This is a place for discussions of historic preservation in Armory Park, and what benefits and challenges it presents. Local history is another subject addressed here and in web pages. I will publish articles here when it seems helpful; readers are invited to comment. To support the mission of this site, acceptable comments are those that contribute to reasonable historic preservation, better understanding of our history and serve the interests of Armory Park residents. Others may be invited to post here also. Please let me know if you want to do so.

Monday, September 6, 2021

Controversial Use of Public Spaces

We may think debates about the use of public spaces is only a current concern (think Children's Museum). History tells us that this has been a long term concern that surfaces from time to time. The Arizona Daily Star of January 7, 1926 (ten pages, 5 cents a copy) contained the following: 

Contention that the proposed creation of a recreation park out of Armory park will result in irreparable damage to the park by the destruction of large trees and palms and the erection of unsightly structures in the park is set forth In a suit filed at 2 o'clock yesterday afternoon against the city of Tucson and Mayor John IL White by Francis M. Hartman and Mae B. Hartman in which they seek an order from the superior court restraining the city from carrying out the proposed plan. 

Sunday, September 5, 2021

Four Named Streets

Most Armory Park streets are designated with numbers but there are four with names that have a connection to early residents of Tucson. I was unable to find the namesakes of Bean and Russell Avenues. If you come across something about them, please let me know. 

Saturday, September 4, 2021

Tucson's Historic Neighborhoods (and styles)

 The City has been involved in historic preservation since the middle 1970 so there are resources available from the City's web pages. One such resource is a PDF titled Tucson's Historic Neighborhoods. Armory Park is but one of the many such neighborhoods. You might find it interesting to learn more about the others. For me, the descriptions and drawings of the various styles of residential architecture is more interesting. You can find information on both subjects at this link:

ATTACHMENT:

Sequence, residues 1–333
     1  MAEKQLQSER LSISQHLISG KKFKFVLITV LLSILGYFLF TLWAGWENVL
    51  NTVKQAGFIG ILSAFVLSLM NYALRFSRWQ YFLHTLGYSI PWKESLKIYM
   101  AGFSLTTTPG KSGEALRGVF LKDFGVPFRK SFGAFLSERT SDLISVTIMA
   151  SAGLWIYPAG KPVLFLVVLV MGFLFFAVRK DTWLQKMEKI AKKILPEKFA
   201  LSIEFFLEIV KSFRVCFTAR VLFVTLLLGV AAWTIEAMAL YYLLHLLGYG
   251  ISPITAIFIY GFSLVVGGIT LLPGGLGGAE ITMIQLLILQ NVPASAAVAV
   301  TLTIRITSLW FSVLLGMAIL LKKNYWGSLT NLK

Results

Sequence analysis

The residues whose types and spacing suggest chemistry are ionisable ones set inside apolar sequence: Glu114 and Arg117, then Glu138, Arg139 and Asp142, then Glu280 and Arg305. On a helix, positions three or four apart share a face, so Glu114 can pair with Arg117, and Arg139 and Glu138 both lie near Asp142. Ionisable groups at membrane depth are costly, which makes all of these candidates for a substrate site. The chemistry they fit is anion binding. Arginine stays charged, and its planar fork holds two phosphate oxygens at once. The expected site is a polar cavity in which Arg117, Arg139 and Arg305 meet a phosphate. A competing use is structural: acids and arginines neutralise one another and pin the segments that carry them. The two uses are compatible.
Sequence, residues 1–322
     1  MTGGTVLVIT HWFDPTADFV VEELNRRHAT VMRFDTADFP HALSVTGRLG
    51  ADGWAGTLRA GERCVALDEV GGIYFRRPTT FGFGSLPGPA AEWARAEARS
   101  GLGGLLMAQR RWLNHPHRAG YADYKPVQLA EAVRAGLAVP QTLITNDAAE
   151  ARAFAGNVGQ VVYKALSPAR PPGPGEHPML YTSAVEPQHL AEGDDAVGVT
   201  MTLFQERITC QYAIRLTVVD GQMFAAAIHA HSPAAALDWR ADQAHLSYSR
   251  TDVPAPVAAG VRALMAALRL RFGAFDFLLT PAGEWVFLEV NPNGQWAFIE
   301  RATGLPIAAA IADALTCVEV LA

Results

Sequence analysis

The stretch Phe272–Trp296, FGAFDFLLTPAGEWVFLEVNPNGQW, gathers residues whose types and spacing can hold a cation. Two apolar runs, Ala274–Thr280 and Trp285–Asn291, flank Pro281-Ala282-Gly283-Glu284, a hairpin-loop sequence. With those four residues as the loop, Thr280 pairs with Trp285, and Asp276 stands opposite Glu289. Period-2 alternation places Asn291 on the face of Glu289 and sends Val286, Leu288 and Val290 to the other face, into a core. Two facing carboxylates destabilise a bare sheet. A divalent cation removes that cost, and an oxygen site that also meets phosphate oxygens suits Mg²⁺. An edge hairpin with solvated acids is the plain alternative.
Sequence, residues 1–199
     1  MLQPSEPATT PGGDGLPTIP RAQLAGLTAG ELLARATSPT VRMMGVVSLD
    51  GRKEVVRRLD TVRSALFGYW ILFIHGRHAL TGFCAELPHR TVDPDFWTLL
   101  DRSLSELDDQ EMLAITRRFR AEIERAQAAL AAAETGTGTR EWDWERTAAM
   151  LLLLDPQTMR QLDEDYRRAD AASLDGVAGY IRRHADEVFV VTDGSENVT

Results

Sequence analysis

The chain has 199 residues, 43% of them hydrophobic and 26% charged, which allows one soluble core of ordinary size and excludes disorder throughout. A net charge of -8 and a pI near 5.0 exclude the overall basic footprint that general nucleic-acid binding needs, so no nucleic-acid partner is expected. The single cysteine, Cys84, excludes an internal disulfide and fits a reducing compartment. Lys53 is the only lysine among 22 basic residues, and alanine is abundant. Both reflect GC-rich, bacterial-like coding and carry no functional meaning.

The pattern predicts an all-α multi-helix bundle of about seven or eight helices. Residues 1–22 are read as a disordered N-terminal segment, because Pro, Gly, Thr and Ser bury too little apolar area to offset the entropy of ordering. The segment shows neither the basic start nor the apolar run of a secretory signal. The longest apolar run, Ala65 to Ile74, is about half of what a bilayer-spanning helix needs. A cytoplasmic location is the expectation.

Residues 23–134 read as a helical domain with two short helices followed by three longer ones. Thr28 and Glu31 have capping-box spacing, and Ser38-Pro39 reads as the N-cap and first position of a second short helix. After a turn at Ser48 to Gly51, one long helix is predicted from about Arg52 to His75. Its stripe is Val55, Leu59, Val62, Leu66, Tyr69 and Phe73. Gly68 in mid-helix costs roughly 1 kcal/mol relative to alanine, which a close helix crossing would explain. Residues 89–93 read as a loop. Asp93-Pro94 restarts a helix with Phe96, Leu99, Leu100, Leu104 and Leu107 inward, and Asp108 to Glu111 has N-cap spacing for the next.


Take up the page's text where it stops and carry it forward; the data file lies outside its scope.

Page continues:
Thursday, September 2, 2021

Historic Gem For Sale


One of Armory Park's historic gems has been on the market for a while now. The McGinty-Laos house at the corner of 4th Avenue and 17th Street was featured in the Armory Park 74ff study which led to creation of our Historic Preservation Zone. It is a late 1800s bungalow with a large family room addition at the rear. It is set on one of the few full-depth lots spanning from 4th Avenue to Railroad Avenue. The main house has two bedrooms and there is another in a structure at the rear of the lot. You can see marketing details on Zillow at

Wednesday, September 1, 2021

History for the rich only?

Some things seem never to change. This 1977 article addresses some of the issues we still talk about today, gentrification, affordable housing, preserving historic structures, crime and more. I'll continue after the newspaper article. . .

Tuesday, August 31, 2021

Tucson's Living History


There is a wealth of history in the archives of Tucson's two main newspapers. The Citizen is now gone but its archives are kept by the Arizona Daily Star and are available from by subscription. 

A previous post talked about Connie Weinzapfel as a railroad man who lived in Armory Park. This clipping outlines his historic interest and service to historic preservation in Armory Park. 

Monday, August 30, 2021

Constant Weinzapfel - Armory Park's Locomotive Engineer

The Southern Pacific Railroad and railroad people built early Armory Park. I've been searching for history of the company and people who gave our neighborhood its start. 

The following paragraphs were extracted from a 2001 article in the Tucson Weekly. The subjects were Connie Weinzapfel and engine #1673, now located at the downtown train depot. If you want to read the entire article, click here: The Engine and the Engineer.

Connie Weinzapfel was born into a railroad family. His father, Michael Charles, or M.C., worked for the Illinois Central railroad company for seven years before moving west in 1911 for his wife's health. Over the next 39 years he would be both a fireman and engineer for Southern Pacific.